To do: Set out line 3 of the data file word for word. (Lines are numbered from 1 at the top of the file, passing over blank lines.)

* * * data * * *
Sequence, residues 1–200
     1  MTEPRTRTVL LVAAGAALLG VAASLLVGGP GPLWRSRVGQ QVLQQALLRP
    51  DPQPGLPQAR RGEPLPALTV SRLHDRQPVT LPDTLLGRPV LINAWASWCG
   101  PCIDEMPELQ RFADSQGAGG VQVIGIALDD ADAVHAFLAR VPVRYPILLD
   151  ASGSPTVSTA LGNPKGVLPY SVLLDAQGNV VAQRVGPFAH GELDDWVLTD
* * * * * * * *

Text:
    51  DPQPGLPQAR RGEPLPALTV SRLHDRQPVT LPDTLLGRPV LINAWASWCG